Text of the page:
When you’re self-conscious, you’re constantly battling with yourself in an effort to control how other people view you. You try to change yourself to suit what you think other people want to see.

      The truth, though, is that you can’t actually control how other people view you — and you may not even be correct about how they view you in the first place.

      Being confident doesn’t happen overnight. Instead, it happens in small steps as you slowly build your confidence and say “no” to your self-consciousness. It also requires accepting that you’re going to feel self-conscious sometimes, and that’s okay.

      Sometimes worrying that there is a problem can be more stressful than the problem itself. Feeling bad for feeling self-conscious can be more troublesome than simply feeling it and getting on with the day.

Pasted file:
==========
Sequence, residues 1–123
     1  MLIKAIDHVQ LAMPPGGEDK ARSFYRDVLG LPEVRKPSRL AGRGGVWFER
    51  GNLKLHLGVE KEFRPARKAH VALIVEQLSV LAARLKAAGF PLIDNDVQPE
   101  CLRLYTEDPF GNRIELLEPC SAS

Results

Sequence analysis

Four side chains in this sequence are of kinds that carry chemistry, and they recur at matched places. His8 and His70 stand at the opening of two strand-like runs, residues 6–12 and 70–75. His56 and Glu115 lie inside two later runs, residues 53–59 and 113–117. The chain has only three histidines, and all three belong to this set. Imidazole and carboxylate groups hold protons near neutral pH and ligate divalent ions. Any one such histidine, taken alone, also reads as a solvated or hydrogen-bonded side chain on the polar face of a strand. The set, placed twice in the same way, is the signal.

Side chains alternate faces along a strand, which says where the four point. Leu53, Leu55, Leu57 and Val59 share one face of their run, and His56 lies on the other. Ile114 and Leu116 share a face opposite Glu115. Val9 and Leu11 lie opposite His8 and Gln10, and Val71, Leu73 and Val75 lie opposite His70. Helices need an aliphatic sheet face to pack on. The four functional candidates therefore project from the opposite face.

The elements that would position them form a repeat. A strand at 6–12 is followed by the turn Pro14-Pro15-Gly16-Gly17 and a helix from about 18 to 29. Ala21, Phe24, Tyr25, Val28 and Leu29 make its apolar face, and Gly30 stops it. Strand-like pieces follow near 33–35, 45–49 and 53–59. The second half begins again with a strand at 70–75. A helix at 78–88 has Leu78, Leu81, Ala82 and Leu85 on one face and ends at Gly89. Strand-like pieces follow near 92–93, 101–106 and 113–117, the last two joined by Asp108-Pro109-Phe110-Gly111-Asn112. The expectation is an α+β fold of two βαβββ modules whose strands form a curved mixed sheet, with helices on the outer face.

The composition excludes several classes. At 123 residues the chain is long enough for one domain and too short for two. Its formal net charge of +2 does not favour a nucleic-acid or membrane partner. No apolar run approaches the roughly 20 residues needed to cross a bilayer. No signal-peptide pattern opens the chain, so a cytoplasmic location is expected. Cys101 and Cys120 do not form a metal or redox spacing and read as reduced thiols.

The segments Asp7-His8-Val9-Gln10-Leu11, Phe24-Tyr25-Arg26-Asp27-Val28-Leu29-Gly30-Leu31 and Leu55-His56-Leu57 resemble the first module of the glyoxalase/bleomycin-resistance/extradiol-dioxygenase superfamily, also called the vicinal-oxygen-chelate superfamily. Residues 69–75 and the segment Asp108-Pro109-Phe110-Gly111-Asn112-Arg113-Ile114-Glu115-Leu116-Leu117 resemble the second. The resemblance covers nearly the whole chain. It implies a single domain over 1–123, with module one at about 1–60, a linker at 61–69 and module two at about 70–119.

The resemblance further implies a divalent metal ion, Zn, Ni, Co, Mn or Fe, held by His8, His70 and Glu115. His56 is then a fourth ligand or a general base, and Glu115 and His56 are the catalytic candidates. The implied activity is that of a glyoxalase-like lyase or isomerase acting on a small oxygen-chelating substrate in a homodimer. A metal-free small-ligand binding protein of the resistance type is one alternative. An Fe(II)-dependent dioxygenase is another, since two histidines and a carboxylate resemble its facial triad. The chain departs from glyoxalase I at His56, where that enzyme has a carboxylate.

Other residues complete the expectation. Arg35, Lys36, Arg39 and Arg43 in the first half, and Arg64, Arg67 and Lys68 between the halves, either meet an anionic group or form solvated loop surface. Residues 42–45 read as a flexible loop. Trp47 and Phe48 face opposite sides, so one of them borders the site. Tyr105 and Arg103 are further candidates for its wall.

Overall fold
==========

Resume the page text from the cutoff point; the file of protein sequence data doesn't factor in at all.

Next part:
Forgive yourself for being human and make the small changes that will lead to better confidence in the future.

      More Tips for Improving Your Self-Esteem

      Featured photo credit: Cata via unsplash.com

      Reference

      [1] Merriam-Webster: Self-conscious
      [2] Bustle: 7 Tips On How To Stop Feeling Self-Conscious
      [3] Marc and Angel: 10 Things to Remember When You Feel Unsure of Yourself
      [4] Bostitch: How to Protect Small Businesses From Burnout
      [5] Psychology Today: Self-conscious? Get Over It
      [6] Wake Forest University: Embracing Holistic Medicine
      [7] Center for Vein Restoration: What Causes Venous Ulcers, and How Are They Treated?
      [8] Scientific American: The Pros and Cons of Being Self-Aware